In 1970 legendary American percussionist Max Roach called up peer and contemporary Joe Chambers with an idea. Roach planted the seed for a kind of percussion orchestra and although he didn’t have a clear idea of what it would entail musically, he knew that it was something that would be very significant for the future of music. “Damn! What are we going to do? Have six guys on a drums set?”, came Chambers’ immediate response over the telephone. “No, no, no”, said Roach “We’re going to play percussion”.
Shortly after, Chambers, Fred King Warren Smith, Freddie Waits, Roy Brooks, Omar Clay, Francisco Mora, and Eli Fountain found themselves in a room together with Roach laying out the details for a percussion orchestra project that would eventually be called M’BOOM and also include Ray Mantilla in the final line-up. “Max had that vision”, recalled Waits in an interview with Modern Drummer in 1983. “(W)e all came together… and sat down and began to work out, verbally at first, what we thought this kind of situation could do.”
Max Roach was purposefully looking for drummers, not just musicians, but composers and arrangers that could “explore the possibilities of percussion in order to develop a knowledge of percussion” as Chambers puts it. It was a school of percussion in the context of a performance group, and percussion in all its various shapes and forms from the standardised drum kit, to mallet, pitched percussion like the xylophone and even the more obscure, readymade instruments like a saw or a tin can.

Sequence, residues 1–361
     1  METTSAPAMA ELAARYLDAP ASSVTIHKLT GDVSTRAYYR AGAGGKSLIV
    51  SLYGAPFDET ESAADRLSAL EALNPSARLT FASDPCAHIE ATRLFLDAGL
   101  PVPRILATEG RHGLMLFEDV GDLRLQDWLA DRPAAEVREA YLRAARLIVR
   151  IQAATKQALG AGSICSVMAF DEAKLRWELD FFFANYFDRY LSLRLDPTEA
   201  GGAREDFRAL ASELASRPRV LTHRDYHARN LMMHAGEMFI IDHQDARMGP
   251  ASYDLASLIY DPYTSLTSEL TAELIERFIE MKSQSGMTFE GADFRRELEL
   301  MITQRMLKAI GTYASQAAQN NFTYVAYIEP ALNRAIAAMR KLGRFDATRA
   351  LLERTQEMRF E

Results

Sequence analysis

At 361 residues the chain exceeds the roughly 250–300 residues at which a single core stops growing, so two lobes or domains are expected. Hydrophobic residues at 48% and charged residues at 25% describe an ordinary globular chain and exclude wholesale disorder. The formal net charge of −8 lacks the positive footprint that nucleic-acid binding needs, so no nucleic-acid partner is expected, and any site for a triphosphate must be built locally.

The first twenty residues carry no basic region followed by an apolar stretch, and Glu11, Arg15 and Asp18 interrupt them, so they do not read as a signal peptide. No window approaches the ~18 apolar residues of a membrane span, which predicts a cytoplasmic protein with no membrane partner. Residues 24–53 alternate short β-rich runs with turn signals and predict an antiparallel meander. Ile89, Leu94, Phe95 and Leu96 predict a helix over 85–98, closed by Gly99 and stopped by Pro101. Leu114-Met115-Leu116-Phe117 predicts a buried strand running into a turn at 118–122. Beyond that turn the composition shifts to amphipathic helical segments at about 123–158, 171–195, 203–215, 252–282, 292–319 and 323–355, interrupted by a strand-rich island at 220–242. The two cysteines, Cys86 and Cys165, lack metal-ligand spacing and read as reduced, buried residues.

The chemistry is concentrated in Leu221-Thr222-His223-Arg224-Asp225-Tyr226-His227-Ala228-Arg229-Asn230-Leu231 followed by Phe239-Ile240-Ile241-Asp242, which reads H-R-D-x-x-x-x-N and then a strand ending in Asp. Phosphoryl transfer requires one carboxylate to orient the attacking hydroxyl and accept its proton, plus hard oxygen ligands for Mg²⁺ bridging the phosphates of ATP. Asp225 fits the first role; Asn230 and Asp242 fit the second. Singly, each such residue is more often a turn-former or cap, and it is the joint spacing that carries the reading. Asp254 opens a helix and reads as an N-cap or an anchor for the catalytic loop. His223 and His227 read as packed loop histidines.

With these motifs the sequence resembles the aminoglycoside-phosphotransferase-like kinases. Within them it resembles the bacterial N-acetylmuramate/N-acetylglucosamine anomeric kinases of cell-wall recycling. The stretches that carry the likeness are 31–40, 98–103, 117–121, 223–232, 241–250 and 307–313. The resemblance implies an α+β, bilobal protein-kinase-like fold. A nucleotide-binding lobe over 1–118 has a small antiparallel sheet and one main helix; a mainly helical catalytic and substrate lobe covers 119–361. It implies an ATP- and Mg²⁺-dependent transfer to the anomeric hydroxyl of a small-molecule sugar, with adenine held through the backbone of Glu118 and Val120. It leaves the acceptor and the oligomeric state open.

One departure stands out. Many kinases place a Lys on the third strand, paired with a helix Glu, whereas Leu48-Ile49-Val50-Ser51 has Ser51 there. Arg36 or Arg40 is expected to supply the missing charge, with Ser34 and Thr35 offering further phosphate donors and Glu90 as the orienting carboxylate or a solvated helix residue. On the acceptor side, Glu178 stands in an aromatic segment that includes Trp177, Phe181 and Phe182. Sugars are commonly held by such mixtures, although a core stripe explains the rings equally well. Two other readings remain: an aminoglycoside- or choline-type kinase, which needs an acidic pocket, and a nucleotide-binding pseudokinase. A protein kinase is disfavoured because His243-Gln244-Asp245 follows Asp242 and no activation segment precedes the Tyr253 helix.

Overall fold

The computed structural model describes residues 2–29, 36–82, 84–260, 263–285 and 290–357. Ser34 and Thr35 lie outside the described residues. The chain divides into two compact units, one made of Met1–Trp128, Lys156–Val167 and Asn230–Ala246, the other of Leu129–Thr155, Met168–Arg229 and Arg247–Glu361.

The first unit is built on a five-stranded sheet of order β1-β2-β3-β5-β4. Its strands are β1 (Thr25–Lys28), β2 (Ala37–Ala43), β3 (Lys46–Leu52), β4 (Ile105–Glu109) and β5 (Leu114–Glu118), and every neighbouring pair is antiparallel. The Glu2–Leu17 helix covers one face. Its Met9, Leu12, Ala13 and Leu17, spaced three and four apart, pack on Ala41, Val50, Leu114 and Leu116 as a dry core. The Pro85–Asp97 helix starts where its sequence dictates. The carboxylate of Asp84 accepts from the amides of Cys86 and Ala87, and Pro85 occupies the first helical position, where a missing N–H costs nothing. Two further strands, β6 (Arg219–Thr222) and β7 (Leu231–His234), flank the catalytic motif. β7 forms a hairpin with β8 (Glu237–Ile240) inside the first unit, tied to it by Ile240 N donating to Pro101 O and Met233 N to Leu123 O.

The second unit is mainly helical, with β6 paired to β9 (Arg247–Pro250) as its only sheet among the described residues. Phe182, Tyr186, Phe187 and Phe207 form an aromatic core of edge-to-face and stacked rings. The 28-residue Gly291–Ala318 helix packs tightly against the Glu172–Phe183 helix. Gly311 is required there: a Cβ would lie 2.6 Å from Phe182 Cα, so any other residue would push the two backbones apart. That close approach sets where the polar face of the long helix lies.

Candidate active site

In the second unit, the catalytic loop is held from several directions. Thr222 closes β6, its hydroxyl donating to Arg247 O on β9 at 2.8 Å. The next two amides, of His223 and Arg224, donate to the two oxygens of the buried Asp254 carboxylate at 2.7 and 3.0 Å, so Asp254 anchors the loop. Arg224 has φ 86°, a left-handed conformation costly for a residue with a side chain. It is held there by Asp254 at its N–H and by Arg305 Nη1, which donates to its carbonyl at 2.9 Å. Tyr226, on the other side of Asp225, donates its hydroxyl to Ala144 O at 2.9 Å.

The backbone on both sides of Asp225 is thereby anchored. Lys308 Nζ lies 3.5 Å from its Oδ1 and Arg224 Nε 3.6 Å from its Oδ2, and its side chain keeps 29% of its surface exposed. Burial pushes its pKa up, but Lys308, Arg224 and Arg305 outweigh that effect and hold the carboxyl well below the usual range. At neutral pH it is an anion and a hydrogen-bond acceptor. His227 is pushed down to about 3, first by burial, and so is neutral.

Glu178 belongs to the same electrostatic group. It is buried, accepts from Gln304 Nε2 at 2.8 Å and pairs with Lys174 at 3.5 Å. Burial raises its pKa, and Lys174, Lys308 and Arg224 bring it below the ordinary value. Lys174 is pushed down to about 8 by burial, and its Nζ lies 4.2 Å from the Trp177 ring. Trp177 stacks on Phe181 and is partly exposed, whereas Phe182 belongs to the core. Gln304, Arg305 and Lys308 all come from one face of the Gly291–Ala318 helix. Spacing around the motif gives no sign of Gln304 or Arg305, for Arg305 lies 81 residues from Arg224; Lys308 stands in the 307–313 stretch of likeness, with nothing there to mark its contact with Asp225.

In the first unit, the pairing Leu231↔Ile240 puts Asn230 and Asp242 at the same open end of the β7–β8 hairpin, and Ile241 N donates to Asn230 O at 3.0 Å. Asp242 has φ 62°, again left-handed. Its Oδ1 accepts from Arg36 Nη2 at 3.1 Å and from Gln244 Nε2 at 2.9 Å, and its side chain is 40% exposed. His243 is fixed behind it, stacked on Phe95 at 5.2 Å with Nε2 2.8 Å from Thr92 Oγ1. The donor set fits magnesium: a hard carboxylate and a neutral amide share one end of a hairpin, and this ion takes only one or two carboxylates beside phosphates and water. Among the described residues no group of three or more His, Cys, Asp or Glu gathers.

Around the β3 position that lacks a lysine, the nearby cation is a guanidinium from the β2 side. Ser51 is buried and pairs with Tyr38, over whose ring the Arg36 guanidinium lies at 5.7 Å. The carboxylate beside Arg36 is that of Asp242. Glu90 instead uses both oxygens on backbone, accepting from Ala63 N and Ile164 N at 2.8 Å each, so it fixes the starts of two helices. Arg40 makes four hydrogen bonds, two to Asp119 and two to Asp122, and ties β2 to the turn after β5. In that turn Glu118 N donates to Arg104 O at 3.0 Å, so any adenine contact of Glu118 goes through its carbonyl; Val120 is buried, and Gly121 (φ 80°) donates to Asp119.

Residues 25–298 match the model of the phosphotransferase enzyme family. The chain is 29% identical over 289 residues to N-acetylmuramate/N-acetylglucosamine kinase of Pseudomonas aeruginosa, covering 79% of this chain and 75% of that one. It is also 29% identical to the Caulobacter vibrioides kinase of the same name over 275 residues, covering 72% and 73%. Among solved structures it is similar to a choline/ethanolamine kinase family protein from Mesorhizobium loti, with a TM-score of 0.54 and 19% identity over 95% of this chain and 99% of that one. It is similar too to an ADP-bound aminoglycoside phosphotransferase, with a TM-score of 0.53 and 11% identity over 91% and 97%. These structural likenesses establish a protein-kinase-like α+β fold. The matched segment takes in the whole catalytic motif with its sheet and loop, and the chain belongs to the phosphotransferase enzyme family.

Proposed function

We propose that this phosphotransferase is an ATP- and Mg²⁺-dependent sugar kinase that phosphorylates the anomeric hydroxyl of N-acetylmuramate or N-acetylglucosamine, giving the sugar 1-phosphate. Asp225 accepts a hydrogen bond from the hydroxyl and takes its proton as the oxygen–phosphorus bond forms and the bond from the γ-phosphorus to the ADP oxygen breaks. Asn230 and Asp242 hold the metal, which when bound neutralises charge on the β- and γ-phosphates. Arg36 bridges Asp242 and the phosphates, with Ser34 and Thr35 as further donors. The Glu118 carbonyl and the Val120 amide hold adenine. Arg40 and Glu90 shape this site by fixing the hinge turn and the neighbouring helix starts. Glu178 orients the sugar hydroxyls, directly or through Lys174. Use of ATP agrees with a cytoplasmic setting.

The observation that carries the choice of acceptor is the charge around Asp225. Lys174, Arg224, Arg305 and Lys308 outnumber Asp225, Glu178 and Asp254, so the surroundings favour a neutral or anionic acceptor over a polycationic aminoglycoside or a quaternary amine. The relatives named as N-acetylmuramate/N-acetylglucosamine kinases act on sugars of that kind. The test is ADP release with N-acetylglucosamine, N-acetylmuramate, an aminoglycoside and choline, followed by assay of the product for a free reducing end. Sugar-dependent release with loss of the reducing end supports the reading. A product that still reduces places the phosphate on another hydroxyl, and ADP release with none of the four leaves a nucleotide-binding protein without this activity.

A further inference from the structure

Max Roach’s initial idea was: “Well, if we put everybody together and form a cooperative group, we’ll have to stay together. We’d have to stay together and we could develop an original personality in percussion, that would come out of our American musical experience. It could have blues and Gospel and whatever idiom you want to name, just as long as it has that attitude of open endedness.”
And it went way beyond American borders and back in time. With Mantilla on board, infusing the pieces with elements of Latin and Afro rhythms and personality, and the textural ambiences of instruments like the marimba evoking the African continent, M’BOOM was more than just a freeform Jazz project.
It wasn’t just a bunch of very good drummers coming together and battling each other in the way of a clambering solo either. The pieces that resulted were composed, finely executed works that refined the primal action of striking a surface into fully formed compositions with great artistic weight. Their grand opus came as the self-titled sophomore album in 1979 via Columbia records and it and the M’BOOM project has remained somewhat inconspicuous in music history, but when electronic music producer, Martyn cited the album as an influence for his first LP on the Ostgut Ton “Voids”, it shed some new, much deserved light on this magnificent record.
The similarities in the way Roach and company treated percussion and arrangement and the way electronic music is structured today is uncanny, and although we can’t accurately assume the two are connected in any way there’s something to M’BOOM and specially that album that will speak to every electronic music enthusiast today.
“Onomatopoeia” sets the tone of the record with cascading bells and percussive rhythms erupting in a cacophonous meleé before it recedes into the compositional form it was destined to pursue. Marimba and Xylophones pound out a melody counterpointed by unpitched percussion sparkling in the resonant frequencies of the arrangement.